Enhancing resilience of communities and territories facing natural and na-tech hazards
BUREAU DE RECHERCHES GEOLOGIQUES ET MINIERES
3 Av Claude Guillemin
€ 224 562
Hormoz Modaressi (Prof.)
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UNIVERSITA DEGLI STUDI DI NAPOLI FEDERICO II
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UNIVERSITE DE GENEVE
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MIDDLESEX UNIVERSITY HIGHER EDUCATION CORPORATION
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Grant agreement ID: 212045
1 June 2008
31 May 2011
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BUREAU DE RECHERCHES GEOLOGIQUES ET MINIERES
Final Report - ENSURE (Enhancing resilience of communities and territories facing natural and na-tech hazards)
The ENSURE consortium (http://www.ensureproject.eu/) intended to develop a new methodological framework for integrated multi-scale vulnerability assessment.
More precisely, the main achievements during the ENSURE project have been the following:
- To improve the understanding of the articulated nature of the vulnerability concept at different spatial scales, a number of reviews were performed on the concepts and definitions, as well as on the methodologies used to assess vulnerability of structural, territorial, social and economic systems. For these latter, it comes out with a definition that largely follows the majority of definitions in the literature: vulnerability is conceived as 'a function of susceptibility to loss and the capacity to recover'. Moreover, the term vulnerability has evolved from a rather negative concept to a concept that relates directly to more positive notions like resilience and adaptive capacity. A differentiation can be made between biophysical and social vulnerability, where the first is directly related to the exposure to a hazard, whereas the latter focuses more on the internal state of a system.
- A review has been performed also to understand how vulnerability was operated in both natural hazards and climate change communities. Its conclusion was that approaches used for assessments in both communities seem to be converging. A particular important contribution to this was the shift from a climate scenario applied to biophysical impacts assessments (first generation) to examining the relationship between current climate variability and current adaptation (second generation) before considering future climate and adaptation in the broad context of environmental stressors, socio-economic change and sustainable development.
- The project has extensively explored the connections between different types of vulnerabilities, namely between: physical and systemic; physical, systemic and social; systemic, social, economic, institutional and territorial. The main objective was to identify key issues that allow recognising and understanding driving forces in the nature of vulnerability. Although some constant elements could be identified, it was stressed that types and relationships of vulnerability are always to be seen in a wider conceptual framework of inter-linkages to be properly understood. However, it turned out that the contexts of the specific hazards as well as the institutional context are indispensable to understand the vulnerabilities and their linkages. This latter notion is considered crucial in the further operationalisation of the vulnerability concept into indicators. Space scale and time are indispensable in the understanding of the various types of vulnerabilities and their linkages.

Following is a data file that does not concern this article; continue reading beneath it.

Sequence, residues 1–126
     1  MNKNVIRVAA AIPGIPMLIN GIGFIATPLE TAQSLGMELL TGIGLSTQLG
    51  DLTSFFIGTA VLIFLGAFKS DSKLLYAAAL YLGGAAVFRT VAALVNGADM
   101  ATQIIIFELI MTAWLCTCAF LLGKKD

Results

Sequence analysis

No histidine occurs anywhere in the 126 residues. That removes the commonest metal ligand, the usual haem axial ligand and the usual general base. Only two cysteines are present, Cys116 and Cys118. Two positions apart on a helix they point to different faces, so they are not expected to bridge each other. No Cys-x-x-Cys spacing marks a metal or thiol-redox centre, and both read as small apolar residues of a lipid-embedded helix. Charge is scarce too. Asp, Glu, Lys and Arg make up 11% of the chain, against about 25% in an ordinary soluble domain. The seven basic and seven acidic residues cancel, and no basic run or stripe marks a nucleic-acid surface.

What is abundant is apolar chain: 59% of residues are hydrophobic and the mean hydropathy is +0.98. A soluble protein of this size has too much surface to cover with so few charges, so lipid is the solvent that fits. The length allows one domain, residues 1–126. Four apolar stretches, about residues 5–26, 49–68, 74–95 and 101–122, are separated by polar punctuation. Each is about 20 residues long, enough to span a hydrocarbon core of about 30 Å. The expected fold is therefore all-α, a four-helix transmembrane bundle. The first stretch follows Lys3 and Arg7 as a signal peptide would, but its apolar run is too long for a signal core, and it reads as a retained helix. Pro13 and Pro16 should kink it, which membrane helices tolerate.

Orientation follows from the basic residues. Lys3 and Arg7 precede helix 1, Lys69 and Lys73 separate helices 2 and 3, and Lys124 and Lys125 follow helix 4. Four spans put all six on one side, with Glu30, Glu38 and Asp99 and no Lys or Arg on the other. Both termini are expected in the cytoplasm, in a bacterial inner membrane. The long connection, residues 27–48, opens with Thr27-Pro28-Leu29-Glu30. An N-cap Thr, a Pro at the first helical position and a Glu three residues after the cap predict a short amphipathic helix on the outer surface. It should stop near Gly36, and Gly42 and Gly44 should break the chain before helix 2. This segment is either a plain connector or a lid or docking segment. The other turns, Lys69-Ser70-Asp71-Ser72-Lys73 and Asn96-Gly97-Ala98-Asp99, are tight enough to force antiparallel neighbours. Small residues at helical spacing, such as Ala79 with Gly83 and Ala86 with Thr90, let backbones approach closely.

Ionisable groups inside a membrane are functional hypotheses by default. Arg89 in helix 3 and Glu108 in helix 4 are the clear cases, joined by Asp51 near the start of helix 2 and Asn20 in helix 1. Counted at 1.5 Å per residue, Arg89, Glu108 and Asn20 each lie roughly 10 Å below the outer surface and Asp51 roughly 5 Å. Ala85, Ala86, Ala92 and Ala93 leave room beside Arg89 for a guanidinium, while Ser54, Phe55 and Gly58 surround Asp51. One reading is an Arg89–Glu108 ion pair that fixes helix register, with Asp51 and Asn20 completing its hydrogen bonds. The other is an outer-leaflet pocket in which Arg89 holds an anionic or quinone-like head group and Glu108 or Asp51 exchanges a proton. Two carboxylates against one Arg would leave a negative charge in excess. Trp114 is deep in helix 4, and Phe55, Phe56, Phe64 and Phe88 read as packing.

- A consensus among project partners was achieved regarding the need to make explicit the relevance of resilience and not to restrict to the vulnerability concept only. The main output is that resilience cannot be simply considered as the 'flip-side' of vulnerability. Resilience is perhaps an even more dynamic concept than vulnerability, in that it addresses the capacities to innovate and the ability to strategically orient complex processes like those implied by emergency, recovery and reconstruction.
- Processes and catalytic factors of vulnerability change in the course of time and in particular, along a single disaster cycle and its successive stages and/or along successive disaster cycles, have been highlighted. It was recognised that vulnerability should be considered as a dynamic rather than static concept and that different types of vulnerabilities become more apparent and relevant at different stages of the disastrous event: at the impact, physical vulnerabilities transform into the direct physical damage provoked by the event; during emergency and recovery, systemic, social, institutional, organisational factors determine how slowly or how fast return to normalcy will be possible and at what conditions (for example with respect to the possibility/capability to reduce or increase pre-event vulnerability).
- As for spatial variability, the scale at which vulnerabilities are relevant depends on the institutional, economic and social arrangements in the different contexts, making clear that a unique rule for deciding a priori at what scales a certain analysis must be conducted does not make particular sense. The selection of relevant scales will depend on the context, and on the particular way in which different systems are connected and related to each other. Finally transference of vulnerability in space and time should be examined and assessed as coupled processes.